It wasn't just the president who supported community health centers. The Health Care Safety Net Act, which passed in 2008, was entirely uncontroversial with hardly a hand raised against it.

Fast-forward three years, and GOP attitudes have changed dramatically. In 2011, the House decimated the $2.2 billion in appropriations annually allocated to health center funding, cutting more than one-third of the budget. The Affordable Care Act provided funds to further expand the number of community health centers across the nation, but the money mostly had to fill in the gaps left by Republican marauding instead. If the reduced annual appropriations remain in effect past 2014 the money from the Affordable Care Act will dry up, leaving community health centers with less federal support than they won in 2008. Millions could be left without care.

The Earned Income Tax Credit

Conservatives love shaking their heads in righteous consternation and asking: "Did you know that only 53 percent of Americans pay taxes?" They've even got a Tumblr about it.

This juicy little sound bite ignores several key points. First, those 47 percent of people who "don't pay taxes" actually just don't owe any federal income taxes, largely because they don't have much income. Second, they do pay state, local, sales, payroll, gasoline, and other excise taxes -- federal income taxes made up just 22.7 percent of all taxes paid in this country last year. (Note that rich people get to avoid the vast majority of their payroll taxes, which represent about the same share of the total as federal income taxes.) Third, the reason many of the so-called 47 percent don't pay income taxes is because of the earned income tax credit (EITC), a policy instituted in the 1970s as a more conservative way to boost working-class incomes than the minimum wage.

The EITC essentially rewards parents who work hard for low pay with a break on their incomes taxes and, in many cases, a refund. It was expanded and greatly strengthened under Ronald Reagan's Tax Reform Act of 1986, which indexed it to inflation so the benefit wouldn't stagnate. He declared the tax program "the best anti-poverty, the best pro-family, the best job-creation measure to come out of Congress." To a lesser degree George H.W. Bush and George W. Bush beefed the EITC up too, while the latter also allowed bipartisan moderates to expand access to the child tax credit to low-income people too.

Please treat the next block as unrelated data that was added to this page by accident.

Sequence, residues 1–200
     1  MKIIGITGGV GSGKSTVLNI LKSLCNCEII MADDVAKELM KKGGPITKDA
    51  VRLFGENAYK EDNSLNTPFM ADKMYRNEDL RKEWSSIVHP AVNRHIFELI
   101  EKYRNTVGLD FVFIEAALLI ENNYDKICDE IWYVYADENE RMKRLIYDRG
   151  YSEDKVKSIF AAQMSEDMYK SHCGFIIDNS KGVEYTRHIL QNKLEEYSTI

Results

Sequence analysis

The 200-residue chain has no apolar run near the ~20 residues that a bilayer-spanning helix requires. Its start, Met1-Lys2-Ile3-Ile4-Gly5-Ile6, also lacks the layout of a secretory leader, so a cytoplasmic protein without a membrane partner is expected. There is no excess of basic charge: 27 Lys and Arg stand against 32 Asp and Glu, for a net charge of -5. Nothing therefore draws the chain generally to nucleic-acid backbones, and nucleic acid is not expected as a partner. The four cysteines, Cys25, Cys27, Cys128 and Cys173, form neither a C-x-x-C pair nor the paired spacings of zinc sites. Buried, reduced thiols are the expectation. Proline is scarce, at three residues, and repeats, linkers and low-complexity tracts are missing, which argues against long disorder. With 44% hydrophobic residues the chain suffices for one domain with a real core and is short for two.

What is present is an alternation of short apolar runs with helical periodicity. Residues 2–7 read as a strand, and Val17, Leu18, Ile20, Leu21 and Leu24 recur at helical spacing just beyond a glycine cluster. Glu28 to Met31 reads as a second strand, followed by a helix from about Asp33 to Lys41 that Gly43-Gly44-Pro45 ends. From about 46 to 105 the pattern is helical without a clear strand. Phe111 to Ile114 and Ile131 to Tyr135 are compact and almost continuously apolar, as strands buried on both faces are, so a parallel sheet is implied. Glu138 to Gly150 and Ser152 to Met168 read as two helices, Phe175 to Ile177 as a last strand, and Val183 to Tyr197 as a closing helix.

"It's a real blend of conservative and liberal values," says Chuck Marr, director of federal tax policy for the Center on Budget and Policy Priorities. "If you talk to average people, this is one that Americans are generally for: a big catch for [American attitudes towards social programs] is that the person on the receiving end is doing their best and working hard. [By that logic], the earned income tax credit is something conservatives should like."

That's not the way today's GOP sees it. The "We are the 53 Percent" nonsense is an implicit attack on the earned income tax credit. But there have been plenty of explicit attacks as well from Senator John Cornyn, R-Tex., to conservative Fox News anchors who deride it as "a form of welfare income redistribution." More substantively, Republican state politicians are actively attempting to slash the program and Tea Party icon and presidential candidate Michele Bachmann has promised to "do away with EITC," if she is elected.

The Democratic majority in the Senate and President Obama's veto pen have defeated many of the worst of these reactionary excesses. But what happens if, and when, the Republicans have a more powerful position in Washington, D.C.? So much for compassionate conservatism.

This piece was originally posted on Alternet.